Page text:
TBR: Housekeeping Vs. The Dirt

I picked up this book in the library because of the title.  As longtime readers of this blog know, I’m mildly obsessed with how people think about housework (as opposed to being obsessed with doing it, which I’m clearly not).  And then I saw it was by Nick Hornby, and figured that it was worth reading.

Well, the book has nothing to do with housekeeping.  It’s about books.  Specifically, the full title is Housekeeping vs. The Dirt: Fourteen Months of Massively Witty Adventures in reading.  It’s a compilation of Hornby’s columns for the Believer, in which he lists the books he’s bought in the past month, what he’s actually read, and chats a bit about them.  And to pad the book out (it’s still only 150 pages), there are excerpts from a few of the books that he discussed and particularly liked.

It’s great fun.  I’ve suspected from reading Hornby’s novels that he’d be great fun to hang out in a bar with, but now I think he’d rise onto my short list of people I’d want to be stuck on an elevator with.  I’ve read a few of the books he discusses, but have never heard of at least half of them. He makes me want to read most of them, but doesn’t make me feel guilty for not having done so.  (And in fact, in the preface, he makes a passionate case for reading books that you think you’ll like, not books that you think you ought to read, or worse, books that other people think you ought to read.)  And he freely admits to buying books and then never quite getting around to reading them.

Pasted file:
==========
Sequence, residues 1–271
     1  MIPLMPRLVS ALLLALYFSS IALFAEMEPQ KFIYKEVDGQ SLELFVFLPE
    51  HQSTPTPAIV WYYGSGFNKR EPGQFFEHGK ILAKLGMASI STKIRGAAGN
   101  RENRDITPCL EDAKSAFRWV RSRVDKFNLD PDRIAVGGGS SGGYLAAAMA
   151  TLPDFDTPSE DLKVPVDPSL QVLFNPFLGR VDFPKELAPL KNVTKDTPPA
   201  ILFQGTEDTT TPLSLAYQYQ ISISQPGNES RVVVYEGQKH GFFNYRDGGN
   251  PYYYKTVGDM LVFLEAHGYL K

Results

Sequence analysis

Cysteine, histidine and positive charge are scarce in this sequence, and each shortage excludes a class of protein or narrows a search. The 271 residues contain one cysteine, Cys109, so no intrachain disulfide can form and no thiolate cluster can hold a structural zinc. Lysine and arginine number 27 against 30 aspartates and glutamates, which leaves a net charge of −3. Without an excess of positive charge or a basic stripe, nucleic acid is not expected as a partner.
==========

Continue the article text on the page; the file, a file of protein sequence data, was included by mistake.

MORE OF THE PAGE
And Hornby’s got a sense of humor that appeals to me (although the recurring joke about the editors at The Believer censoring his columns wears thin).  He writes about hunting down a book that he thinks his son will enjoy "only to be repaid with a soul-crushing enthusiasm, when I would have infinitely preferred a polite, mild and temporary interest.  Needless to say, I won’t be taking that sort of trouble again."  In discussing Candide, he notes that "if ever anyone lived in an age that had no need for a savage debunking of optimism, it is us.  We believe that everything everywhere is awful, all the time.  In fact, Voltaire was one of the people who first pointed it out, and he was so successful that we find ourselves in desperate need of a Pangloss in our lives."

So, in honor of Hornby, what stuff have I been reading?  Well, Harry Potter, for one.  I bought it Saturday afternoon and finished it over the weekend, mostly by staying up far later than I should have.  I have to admit that I kept reading in part because I wanted to know how it ended, but mostly because I wanted to be able to hang out with my blog friends and hear what they thought of it.  And I’m in the middle of an excellent mystery called Case Histories that I had never heard of, but found on the book swap shelf at work .

(I just noticed that Hornby actually mentions Case Histories, but all he says about it is that it’s set on streets where he used to live.)

7 Responses to “TBR: Housekeeping Vs. The Dirt”

  1. merseydotes Says:

    I am dying to talk about Harry Potter. When is it safe without getting torn down in flames?